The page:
(flourished 3rd century; Western feast day July 25; Eastern feast day May 9) Patron saint of travelers and motorists. He is said to have been martyred in Lycia under the Roman emperor Decius ( 250). Legends depict him as a giant who devoted his life to carrying travelers across a river. One day a small child asked to be transported, and in the middle of the river the child became so heavy that Christopher staggered under the burden. The child revealed that the saint had been carrying Christ and the sins of the world, thus giving rise to Christopher's name (Greek: Christ-Bearer). His historicity is doubtful.
不朽的聖人 香港公教真理學會 1983 Saints Alive by Anne Stuart 1981
譯本不具名 不過顯然是多人所作 少數的章節附英文 幫助讀者了解 其餘全章漢字 令人費解
讀More 章 優點是多引用通信等 缺點是全書沒引文出處 有些說法令人啟疑 如More 12年無殺異端....
The Oxford Dictionary of Saints by David Hugh Farmer is a concise reference compilation of information on more than 1300 saints. Published January 8, 1998 by Oxford University Press.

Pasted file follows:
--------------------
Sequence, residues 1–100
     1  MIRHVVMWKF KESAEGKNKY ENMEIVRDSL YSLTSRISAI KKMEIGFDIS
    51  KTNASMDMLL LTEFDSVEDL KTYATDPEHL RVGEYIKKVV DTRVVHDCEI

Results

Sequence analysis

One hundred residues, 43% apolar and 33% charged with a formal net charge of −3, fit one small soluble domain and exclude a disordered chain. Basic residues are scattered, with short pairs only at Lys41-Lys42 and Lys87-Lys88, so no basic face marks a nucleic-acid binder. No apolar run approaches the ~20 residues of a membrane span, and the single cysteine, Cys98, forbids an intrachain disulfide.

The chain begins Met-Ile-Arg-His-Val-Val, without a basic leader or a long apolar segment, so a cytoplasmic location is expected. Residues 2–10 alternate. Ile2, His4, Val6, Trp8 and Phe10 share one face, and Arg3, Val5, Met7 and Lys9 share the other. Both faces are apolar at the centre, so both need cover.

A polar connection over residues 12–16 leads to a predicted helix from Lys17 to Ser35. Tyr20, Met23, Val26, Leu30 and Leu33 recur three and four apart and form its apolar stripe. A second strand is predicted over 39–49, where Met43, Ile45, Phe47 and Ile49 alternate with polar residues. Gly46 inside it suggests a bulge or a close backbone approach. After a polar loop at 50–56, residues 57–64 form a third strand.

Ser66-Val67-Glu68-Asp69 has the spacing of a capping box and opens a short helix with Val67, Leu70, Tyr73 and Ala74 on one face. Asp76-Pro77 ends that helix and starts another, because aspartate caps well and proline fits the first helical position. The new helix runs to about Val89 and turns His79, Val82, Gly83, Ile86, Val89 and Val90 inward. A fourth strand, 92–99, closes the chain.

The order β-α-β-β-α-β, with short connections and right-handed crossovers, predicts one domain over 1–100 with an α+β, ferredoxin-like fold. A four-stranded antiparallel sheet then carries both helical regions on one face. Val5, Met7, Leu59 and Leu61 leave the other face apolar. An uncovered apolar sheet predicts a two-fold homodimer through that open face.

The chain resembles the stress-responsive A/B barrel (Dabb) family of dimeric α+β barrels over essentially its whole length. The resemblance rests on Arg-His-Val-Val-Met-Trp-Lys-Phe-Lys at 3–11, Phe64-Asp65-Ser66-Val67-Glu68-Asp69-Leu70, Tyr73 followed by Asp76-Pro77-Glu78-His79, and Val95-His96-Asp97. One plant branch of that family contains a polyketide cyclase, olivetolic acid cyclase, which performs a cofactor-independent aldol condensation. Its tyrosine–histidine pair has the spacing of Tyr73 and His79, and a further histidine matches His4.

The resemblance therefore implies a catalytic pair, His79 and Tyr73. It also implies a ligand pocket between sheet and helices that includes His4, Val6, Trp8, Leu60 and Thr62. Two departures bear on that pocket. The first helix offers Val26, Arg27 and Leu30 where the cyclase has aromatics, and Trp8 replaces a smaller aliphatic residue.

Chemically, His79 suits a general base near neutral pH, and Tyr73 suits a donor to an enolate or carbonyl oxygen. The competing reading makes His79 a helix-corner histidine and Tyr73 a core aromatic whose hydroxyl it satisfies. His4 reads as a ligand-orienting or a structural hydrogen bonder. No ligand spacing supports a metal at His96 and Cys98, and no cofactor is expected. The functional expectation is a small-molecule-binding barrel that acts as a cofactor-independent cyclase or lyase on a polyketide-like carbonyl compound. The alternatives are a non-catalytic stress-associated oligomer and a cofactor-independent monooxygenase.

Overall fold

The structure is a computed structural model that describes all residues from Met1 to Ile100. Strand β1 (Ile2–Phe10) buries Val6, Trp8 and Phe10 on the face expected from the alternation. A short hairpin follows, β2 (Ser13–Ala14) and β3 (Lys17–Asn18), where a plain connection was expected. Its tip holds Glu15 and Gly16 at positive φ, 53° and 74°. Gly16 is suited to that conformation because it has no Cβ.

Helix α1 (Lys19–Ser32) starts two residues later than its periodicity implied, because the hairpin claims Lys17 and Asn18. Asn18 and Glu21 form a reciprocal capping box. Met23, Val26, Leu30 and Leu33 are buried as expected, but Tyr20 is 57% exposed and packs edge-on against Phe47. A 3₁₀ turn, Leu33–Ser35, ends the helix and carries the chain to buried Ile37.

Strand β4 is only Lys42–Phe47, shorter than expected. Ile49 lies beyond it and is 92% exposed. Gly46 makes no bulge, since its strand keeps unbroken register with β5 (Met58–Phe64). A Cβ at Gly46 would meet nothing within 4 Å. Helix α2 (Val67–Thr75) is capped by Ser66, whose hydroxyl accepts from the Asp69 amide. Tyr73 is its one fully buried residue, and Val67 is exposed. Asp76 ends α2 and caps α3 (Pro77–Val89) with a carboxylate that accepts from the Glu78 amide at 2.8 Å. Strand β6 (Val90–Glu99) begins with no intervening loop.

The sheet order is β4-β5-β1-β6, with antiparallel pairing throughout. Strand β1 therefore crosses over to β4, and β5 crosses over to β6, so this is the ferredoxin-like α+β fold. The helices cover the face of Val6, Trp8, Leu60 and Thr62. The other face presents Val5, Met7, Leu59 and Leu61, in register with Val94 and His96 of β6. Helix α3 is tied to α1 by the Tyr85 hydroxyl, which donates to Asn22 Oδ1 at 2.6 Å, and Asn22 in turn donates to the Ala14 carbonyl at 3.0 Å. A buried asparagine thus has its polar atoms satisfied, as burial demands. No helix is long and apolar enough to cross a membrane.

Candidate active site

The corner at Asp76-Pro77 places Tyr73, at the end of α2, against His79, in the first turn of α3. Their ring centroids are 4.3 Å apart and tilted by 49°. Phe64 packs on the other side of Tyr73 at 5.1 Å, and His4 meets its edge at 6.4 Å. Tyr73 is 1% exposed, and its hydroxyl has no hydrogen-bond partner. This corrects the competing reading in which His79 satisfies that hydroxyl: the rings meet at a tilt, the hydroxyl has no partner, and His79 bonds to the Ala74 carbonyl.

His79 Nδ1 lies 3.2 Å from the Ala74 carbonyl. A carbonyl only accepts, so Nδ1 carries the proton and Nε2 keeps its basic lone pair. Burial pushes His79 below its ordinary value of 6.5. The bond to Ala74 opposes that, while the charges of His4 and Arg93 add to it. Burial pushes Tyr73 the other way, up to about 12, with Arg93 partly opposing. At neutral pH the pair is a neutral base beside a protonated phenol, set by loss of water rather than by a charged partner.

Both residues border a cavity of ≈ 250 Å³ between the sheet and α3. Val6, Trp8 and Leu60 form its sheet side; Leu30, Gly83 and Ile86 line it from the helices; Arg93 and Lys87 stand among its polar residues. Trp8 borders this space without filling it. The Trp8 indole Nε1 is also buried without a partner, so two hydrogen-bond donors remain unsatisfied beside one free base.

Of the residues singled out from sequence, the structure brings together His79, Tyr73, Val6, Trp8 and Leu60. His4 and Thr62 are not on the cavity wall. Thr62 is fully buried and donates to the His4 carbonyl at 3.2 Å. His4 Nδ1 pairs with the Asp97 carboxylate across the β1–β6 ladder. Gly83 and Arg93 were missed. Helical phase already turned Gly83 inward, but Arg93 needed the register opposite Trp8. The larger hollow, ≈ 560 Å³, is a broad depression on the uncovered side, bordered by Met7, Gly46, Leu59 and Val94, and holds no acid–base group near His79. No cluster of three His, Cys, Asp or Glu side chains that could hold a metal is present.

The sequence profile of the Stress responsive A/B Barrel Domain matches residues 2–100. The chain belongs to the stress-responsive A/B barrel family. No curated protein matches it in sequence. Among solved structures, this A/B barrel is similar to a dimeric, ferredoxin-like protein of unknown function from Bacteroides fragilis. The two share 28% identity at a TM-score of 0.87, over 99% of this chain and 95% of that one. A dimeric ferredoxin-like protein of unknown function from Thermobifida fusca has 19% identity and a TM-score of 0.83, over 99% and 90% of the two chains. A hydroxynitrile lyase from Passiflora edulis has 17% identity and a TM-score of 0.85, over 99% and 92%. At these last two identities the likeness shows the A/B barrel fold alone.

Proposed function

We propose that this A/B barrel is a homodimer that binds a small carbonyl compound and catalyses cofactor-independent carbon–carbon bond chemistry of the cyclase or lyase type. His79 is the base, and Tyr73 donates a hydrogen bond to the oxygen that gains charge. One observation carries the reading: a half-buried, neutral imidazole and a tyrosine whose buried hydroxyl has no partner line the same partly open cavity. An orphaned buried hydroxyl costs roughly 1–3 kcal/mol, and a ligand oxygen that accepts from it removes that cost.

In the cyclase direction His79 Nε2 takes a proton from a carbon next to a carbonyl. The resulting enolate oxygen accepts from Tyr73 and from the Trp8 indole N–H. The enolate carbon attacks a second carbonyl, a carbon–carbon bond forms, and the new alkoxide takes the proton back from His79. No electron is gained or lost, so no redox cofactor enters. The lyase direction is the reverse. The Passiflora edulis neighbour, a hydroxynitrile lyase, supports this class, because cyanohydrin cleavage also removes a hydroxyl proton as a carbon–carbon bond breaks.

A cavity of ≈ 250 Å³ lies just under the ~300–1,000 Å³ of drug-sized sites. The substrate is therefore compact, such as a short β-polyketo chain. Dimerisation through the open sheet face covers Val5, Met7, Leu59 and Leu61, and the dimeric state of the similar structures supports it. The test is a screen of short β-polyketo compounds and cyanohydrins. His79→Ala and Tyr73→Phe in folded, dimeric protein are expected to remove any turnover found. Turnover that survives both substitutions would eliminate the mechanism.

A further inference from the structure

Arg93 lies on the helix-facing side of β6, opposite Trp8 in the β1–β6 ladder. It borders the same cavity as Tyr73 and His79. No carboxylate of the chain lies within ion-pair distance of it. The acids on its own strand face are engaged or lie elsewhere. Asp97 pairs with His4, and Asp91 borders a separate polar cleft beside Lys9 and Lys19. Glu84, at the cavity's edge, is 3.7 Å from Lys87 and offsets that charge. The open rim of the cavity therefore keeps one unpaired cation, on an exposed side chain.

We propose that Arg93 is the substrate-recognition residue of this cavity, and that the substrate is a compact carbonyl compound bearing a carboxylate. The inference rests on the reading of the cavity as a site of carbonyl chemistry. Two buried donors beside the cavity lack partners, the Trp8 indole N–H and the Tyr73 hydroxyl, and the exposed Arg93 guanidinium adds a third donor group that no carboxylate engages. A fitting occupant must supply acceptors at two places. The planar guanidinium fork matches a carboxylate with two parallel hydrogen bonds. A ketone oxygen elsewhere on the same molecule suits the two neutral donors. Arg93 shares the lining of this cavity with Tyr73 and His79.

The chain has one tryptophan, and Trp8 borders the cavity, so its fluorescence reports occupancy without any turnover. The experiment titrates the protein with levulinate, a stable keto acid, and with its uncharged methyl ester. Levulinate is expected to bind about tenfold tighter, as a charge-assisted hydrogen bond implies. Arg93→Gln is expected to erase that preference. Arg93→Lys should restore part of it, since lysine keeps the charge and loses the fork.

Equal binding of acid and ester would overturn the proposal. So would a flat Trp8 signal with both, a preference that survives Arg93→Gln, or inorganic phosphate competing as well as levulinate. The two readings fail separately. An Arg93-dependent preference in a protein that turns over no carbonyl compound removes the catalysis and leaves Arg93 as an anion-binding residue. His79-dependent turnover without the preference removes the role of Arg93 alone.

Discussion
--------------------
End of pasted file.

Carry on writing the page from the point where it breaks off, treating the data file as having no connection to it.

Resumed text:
More, Thomas (1478–1535), martyr. Born in London, the son of Sir John More, barrister and judge, Thomas More at the age of thirteen joined the household of John Morton, archbishop of Canterbury (1486–1500), who sent him to Canterbury College, Oxford, where he stayed for only two years on a very restricted allowance from his father, who called him home. In 1496 he entered Lincoln's Inn and was called to the Bar in 1501. In 1504 he entered Parliament (his constituency is unknown). For four years he had lived at the London Charterhouse, uncertain in his own mind whether to join it or the Friars Minor or to become a diocesan priest. In the event he did none of these things but decided to pursue his legal career and get married. But from these years date his lifelong habit of wearing a hairshirt, the daily recitation of the Little Office, and the use of the discipline. If some reaction against clerics and clerical life is seen in this decision, it would be quite untrue to assume on Thomas's part any rejection of asceticism. Always a Londoner and a lawyer, he delighted both in the capital's way of life and in the cut and thrust of legal argument.